Can This Man Help Uber Recover From the Travis Kalanick Era?

In January, Uber shareholders agreed to sell $8 billion worth of stock to a group of investors led by Softbank. The deal also eliminated the super-voting stock rights that gave some board members, including Kalanick, heightened decision­making control. And a few weeks later, the company settled its lawsuit with Waymo, paying between $163 million and $245 million in company shares, depending on how you count Uber’s worth, to Waymo.

With those issues wrapped up, Khosrowshahi was ready to focus on his idea of quality. In February his deputies appeared at an all-hands meeting to sell the company’s 18,000 employees on the importance of one metric: the ratio of driver or rider complaints to rides booked. That ratio needs to be reduced—a lot—in 2018, he told them. (He won’t specify the company’s 2018 target, but he said, completely deadpan, “Zero is zero.” Note: Even the Pershing didn’t have zero defects.) He believes the ratio is a good metric to use because it can be improved only if operations, technology, and customer service work together. “It’s a unifier,” he said. At Expedia, he worked on reducing a similar complaint metric, and the experience cemented his belief: As the measure improved, so did sales.

No one I talked to described Khosrowshahi as charismatic. I watched him at an all-hands meeting in January where he took the stage for less than five minutes to introduce speakers, then stood along the wall with colleagues, arms crossed, apparently listening. His message—“driving quality is just as important as driving new features,” as he told me—offers a steady reassurance, but his deliberate pace has made some people uncomfortable. Among the product teams, in particular, there’s still some question about his acuity. Though he has a degree in electrical engineering, he’s a business guy. One former executive told me that there were many people “carefully watching whether Dara can step into and excel in the role of product leader and visionary.”

One current employee, who largely approves of the new leadership, said he also misses the adrenaline rush that came with working under Kalanick. At Khosrowshahi’s Uber, people go home for dinner.

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Then there are employees and alumni who believe the worst aspects of the culture Kalanick created can’t be so easily uprooted. “In everything from the way performance reviews were geared to the way bonuses were distributed, people were incentivized to backstab and undercut each other constantly,” says one longtime employee who left recently. “They were incentivized to be assholes.” That’s not something that changes in six months, even with new performance review metrics, new leadership, and an emphasis on getting things right the first time. Already, some people have moved on. Aaron Schildkrout, who started Carbon’s development, resigned in December. He’s now in New Zealand, meditating. In February, Graf announced he was leaving too.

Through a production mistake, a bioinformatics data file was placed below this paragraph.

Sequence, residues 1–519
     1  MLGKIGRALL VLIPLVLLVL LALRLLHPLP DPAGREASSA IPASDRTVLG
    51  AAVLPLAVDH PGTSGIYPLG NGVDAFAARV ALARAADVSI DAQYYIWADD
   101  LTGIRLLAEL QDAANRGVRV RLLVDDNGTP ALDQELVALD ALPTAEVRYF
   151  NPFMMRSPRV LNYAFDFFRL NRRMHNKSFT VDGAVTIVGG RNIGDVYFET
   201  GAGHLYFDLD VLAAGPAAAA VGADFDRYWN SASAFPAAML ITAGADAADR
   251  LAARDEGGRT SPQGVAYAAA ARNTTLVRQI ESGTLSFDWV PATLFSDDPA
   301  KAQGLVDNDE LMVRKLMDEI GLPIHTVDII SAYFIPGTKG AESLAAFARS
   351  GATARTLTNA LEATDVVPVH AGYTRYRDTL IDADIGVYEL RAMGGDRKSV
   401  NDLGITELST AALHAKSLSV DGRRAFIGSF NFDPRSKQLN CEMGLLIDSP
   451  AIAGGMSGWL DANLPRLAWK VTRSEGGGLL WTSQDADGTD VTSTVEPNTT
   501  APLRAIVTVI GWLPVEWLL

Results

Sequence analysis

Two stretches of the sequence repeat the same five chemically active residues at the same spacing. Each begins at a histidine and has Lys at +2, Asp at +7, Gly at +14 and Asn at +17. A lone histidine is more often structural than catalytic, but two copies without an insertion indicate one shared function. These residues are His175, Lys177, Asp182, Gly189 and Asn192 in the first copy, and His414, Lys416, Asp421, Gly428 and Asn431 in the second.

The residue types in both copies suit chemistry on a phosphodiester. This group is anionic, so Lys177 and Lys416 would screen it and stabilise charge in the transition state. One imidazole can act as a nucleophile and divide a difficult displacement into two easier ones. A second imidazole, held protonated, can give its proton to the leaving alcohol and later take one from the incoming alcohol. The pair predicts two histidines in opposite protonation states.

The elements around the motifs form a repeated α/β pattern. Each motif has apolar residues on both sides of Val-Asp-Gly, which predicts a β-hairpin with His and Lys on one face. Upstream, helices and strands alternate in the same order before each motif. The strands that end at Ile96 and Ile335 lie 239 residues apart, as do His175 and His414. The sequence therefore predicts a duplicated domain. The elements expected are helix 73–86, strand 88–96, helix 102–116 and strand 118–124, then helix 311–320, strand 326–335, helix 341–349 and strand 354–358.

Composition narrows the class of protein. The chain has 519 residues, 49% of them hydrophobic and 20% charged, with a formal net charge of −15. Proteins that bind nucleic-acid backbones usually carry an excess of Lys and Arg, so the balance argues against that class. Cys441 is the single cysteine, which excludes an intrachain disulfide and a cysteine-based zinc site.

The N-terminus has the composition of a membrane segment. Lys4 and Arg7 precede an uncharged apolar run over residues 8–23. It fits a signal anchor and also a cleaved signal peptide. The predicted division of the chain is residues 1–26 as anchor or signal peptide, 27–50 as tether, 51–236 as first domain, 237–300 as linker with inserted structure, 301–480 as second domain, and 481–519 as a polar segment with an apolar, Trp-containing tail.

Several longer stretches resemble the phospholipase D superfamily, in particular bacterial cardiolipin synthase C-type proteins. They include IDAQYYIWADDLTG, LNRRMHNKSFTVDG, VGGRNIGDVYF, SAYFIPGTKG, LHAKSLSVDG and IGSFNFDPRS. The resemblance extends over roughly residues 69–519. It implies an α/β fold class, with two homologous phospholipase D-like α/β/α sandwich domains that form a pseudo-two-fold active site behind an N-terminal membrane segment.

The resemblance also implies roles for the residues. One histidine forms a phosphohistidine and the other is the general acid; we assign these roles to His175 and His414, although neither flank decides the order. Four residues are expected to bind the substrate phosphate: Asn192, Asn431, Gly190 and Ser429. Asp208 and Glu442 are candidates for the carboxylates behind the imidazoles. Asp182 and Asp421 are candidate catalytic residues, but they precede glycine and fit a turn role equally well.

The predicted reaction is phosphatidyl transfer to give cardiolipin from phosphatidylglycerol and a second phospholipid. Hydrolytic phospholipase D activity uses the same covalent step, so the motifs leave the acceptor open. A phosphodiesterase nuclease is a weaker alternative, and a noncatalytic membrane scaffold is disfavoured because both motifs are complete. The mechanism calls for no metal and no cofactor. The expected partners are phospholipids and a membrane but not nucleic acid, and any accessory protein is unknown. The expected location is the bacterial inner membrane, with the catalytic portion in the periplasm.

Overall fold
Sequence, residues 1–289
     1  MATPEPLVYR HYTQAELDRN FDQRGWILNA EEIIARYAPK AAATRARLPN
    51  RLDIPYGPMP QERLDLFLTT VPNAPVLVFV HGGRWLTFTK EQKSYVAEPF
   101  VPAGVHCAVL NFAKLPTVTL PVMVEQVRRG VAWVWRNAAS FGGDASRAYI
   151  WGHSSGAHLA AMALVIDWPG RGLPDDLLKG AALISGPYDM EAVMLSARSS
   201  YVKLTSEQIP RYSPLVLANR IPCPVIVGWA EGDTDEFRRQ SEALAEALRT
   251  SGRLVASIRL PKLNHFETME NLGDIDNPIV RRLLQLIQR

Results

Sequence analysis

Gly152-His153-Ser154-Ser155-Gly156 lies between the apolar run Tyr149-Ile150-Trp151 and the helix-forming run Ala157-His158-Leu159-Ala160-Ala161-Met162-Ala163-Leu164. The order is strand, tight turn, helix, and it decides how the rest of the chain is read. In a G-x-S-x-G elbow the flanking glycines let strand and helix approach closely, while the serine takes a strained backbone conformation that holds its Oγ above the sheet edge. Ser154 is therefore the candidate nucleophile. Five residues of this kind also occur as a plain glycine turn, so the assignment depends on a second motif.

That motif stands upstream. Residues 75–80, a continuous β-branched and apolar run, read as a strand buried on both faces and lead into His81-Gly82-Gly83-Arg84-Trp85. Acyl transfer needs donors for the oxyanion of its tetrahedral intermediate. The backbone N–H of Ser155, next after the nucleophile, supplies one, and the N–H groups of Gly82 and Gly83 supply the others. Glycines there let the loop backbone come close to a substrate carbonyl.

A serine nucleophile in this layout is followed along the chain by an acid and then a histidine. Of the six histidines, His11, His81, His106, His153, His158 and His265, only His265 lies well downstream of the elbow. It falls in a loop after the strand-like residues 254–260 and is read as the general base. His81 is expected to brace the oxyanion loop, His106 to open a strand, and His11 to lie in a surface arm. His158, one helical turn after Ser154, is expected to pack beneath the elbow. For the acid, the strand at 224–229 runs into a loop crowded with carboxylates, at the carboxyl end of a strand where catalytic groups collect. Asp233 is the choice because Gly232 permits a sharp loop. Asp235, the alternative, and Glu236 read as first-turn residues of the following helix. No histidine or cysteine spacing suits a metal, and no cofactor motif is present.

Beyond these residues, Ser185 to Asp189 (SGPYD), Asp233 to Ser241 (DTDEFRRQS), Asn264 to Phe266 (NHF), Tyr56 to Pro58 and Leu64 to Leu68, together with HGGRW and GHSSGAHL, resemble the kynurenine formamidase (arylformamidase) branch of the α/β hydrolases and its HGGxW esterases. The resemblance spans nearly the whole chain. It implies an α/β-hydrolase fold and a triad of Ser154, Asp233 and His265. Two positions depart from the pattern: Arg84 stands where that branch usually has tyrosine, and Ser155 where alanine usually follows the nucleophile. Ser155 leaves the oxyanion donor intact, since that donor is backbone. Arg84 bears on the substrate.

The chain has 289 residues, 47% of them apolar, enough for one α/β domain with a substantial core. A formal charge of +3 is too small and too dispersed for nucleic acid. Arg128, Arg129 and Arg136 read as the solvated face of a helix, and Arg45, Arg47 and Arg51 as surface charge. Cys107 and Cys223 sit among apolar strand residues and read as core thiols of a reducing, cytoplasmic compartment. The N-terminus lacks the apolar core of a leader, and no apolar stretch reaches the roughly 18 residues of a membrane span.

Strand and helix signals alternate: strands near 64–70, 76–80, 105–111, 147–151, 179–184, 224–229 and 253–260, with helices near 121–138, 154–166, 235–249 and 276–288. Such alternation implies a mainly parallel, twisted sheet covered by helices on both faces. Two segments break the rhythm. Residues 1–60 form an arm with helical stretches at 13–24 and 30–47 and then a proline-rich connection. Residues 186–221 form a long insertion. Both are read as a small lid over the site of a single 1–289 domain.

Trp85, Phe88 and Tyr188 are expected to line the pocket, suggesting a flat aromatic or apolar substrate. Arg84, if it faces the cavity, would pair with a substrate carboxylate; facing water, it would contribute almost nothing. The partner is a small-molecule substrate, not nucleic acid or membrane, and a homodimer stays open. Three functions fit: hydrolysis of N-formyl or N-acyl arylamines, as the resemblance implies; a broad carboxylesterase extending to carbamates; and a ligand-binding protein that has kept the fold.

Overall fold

Replacing Graf turned into a bit of a blunder. The company rescinded an offer it made to a former Amazon executive to fill Graf’s product chief role after discovering the guy wasn’t working for Amazon when Uber hired him. He’d left in 2017. This is the type of information you’d expect a company to know before extending an offer for a crucial executive position. Nor has Kalanick completely disappeared. He no longer has super-voting rights, but he does still sit on the board. The relationship between the two men, Khosrowshahi told CNBC in January, is “fine, but strained.” (Kalanick declined to be interviewed.)

For most of last year, Uber’s efforts to develop self-driving cars were under scrutiny while the company faced allegations it had stolen Waymo’s technology. I spoke to the head of the unit, Eric Meyhofer, early one February morning as he was preparing for the trial in the case1. He said that the distraction of the suit had slowed his team down. “It’s like pulling an anchor along,” he said.

Settling that case should have provided some relief. But then came the fatal accident in March. After the Tempe police released a dashcam video of the woman being hit by an Uber Volvo, several academics suggested the self-driving technology should have prevented the accident. The human operator in the car, whose role is to step in when the tech fails, didn’t stop the crash either. The incident suggested deeper problems. The New York Times reported that Uber’s self-driving cars were having trouble with basic maneuvers, like operating next to big rigs, and its safety drivers had to intervene far more often than those of competing autonomous car projects. Then Reuters reported that Uber’s Volvos lacked enough sensors and so had a blind zone. (An Uber spokesperson said, “Safety is our primary concern” in developing self-driving technology.) In late March, Arizona governor Doug Ducey demanded that Uber suspend its road tests in the state indefinitely for its “unquestionable failure to comply” with the duty to prioritize public safety. The accident and Uber’s conduct was becoming a political issue as well as a corporate one. The company had intended to offer driverless cars within 18 months, but with testing suspended, that’s unlikely.

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